Binance poses a significant risk for crypto savers – Bankless Times – Bankless Times


On Wednesday, the UK’s Financial Conduct Authority (or FCA) deemed Binance — the world’s largest crypto exchange — “incapable of being supervised”.

This is after Binance failed to answer the regulator’s crucial questions on their lack of protecting crypto investors.

For FCA to no longer oversee Binance means that crypto investors are now at risk — especially when buying their complex and high-risk financial products.

According to FCA, supervising Binance effectively is impossible. This poses a “significant risk” to consumers of their products, which they offer outside the regulatory umbrella.

Navigating crypto market without FCA’s oversight

FCA branding of Binance as impossible to manage has come at a time when the world is experiencing an uptick in Bitcoin prices — from a low of $30K in July to $50K in August.

The recovery of Bitcoin will certainly attract many retail savers — never mind British investors, too. But with FCA out of the picture, they’ll navigate the volatile market alone.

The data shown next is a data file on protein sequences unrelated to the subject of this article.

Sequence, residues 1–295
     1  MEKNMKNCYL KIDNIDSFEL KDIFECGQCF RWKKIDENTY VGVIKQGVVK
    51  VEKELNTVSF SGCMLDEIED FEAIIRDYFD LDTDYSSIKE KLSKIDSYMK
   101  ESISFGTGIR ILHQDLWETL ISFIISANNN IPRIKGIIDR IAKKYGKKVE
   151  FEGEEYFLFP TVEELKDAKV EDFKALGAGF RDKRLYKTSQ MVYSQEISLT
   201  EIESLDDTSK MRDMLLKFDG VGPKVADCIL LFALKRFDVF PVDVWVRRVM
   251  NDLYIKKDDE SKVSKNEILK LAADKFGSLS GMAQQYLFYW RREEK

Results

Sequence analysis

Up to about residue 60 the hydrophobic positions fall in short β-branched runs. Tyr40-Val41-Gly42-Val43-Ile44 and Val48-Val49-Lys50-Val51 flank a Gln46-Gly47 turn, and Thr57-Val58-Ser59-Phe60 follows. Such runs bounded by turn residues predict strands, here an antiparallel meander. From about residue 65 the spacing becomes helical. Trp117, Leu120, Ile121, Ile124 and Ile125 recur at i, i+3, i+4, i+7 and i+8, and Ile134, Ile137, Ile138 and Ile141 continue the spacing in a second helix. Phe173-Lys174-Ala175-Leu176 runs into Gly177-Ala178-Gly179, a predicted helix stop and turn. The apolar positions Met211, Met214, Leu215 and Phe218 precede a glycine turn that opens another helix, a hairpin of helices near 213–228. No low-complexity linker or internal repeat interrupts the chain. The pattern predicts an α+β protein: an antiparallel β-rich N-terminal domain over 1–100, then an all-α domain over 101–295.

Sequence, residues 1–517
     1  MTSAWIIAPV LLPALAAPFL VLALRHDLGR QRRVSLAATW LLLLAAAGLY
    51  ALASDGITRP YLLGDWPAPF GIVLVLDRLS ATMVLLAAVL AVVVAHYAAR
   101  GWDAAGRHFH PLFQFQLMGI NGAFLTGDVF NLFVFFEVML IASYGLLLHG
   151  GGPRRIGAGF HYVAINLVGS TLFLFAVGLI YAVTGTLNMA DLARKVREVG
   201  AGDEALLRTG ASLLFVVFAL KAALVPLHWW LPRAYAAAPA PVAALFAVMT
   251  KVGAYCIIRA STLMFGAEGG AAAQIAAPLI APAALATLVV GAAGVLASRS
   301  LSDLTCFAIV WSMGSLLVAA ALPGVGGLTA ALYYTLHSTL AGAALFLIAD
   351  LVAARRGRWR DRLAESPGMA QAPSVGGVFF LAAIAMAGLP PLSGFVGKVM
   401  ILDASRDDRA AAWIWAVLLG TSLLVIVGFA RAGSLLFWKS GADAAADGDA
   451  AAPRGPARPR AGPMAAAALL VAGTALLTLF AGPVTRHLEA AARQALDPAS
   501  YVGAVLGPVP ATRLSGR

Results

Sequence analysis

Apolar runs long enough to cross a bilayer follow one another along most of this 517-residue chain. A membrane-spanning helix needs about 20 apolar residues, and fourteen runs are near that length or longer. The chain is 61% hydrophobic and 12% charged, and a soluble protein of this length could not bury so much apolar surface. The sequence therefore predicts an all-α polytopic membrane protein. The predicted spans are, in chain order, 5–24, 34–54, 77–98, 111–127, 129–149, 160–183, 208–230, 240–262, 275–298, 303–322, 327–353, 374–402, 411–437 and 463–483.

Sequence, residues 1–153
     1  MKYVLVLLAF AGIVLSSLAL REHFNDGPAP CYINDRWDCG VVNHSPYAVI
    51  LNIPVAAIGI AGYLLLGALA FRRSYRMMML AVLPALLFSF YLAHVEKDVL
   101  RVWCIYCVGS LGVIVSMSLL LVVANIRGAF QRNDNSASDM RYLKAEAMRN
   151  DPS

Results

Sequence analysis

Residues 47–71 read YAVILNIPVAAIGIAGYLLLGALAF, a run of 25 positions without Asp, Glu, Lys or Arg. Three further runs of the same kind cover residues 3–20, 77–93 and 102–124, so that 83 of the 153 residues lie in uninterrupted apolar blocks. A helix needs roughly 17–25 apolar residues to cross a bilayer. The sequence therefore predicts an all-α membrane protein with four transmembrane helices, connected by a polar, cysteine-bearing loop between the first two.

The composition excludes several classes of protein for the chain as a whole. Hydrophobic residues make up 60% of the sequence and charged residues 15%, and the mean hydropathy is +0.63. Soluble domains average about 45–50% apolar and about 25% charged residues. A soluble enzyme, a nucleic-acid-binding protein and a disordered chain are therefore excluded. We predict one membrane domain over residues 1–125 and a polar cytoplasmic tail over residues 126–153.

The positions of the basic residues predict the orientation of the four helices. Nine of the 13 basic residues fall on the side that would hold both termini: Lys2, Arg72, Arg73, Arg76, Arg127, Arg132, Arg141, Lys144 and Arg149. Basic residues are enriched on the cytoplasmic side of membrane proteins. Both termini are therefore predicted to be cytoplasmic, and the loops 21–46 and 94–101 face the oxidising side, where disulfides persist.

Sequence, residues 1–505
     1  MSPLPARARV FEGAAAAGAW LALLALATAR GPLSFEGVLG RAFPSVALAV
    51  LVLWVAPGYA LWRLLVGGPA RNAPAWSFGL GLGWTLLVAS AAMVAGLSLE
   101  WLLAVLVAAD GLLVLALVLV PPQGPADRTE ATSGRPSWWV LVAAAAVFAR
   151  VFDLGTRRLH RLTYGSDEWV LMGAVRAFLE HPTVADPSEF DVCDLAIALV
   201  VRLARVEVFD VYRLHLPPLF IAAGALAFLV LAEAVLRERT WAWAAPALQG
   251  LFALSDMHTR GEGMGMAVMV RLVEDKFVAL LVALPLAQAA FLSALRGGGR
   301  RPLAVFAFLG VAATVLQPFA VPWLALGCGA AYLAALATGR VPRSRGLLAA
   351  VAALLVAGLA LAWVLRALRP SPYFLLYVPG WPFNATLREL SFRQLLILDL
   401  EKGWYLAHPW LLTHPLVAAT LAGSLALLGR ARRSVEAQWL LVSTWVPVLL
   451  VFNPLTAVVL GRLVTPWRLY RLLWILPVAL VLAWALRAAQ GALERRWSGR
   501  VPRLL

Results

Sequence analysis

In June, FCA imposed a ban on the sale of crypto derivatives to retail investors. But this move didn’t stop the spot trade — which still thrives across UK’s crypto exchanges.

While the FCA ban is still effective, it fails to control investors from accessing derivatives outside the UK — unless they suspect retail investors are financing terrorism or money-laundering activities abroad.

Investors to continue trading on Binance

The UK arm of cryptocurrency exchange Binance assured investors to continue engaging with FCA to resolve any existing issues.

They also confessed to “fully complying with all aspects of the regulator’s requirements”. But that’s subject to confirmation.

In June this year, FCA asked Binance to stop carrying out regulated financial activities and to put a notice on their website. That is yet to happen.

The latest FCA misgivings about Binance will have little effect on the investors, who are likely to continue trading on Binance — despite them not being supervised by FCA.

If financial deals go sour, investors are warned that they’ll have no recourse from the regulator whatsoever.

In June, Binance deposits and withdrawals of the sterling pound were put on a halt. Sadly, the clampdown didn’t stop investors from trading with Binance — as they still withdrew money by moving their cryptocurrencies to other crypto exchanges.

Binance is structured in a way that national regulators can’t take action against them because they have no global headquarters. So, nothing can stop people from trading.

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About the Author: Kate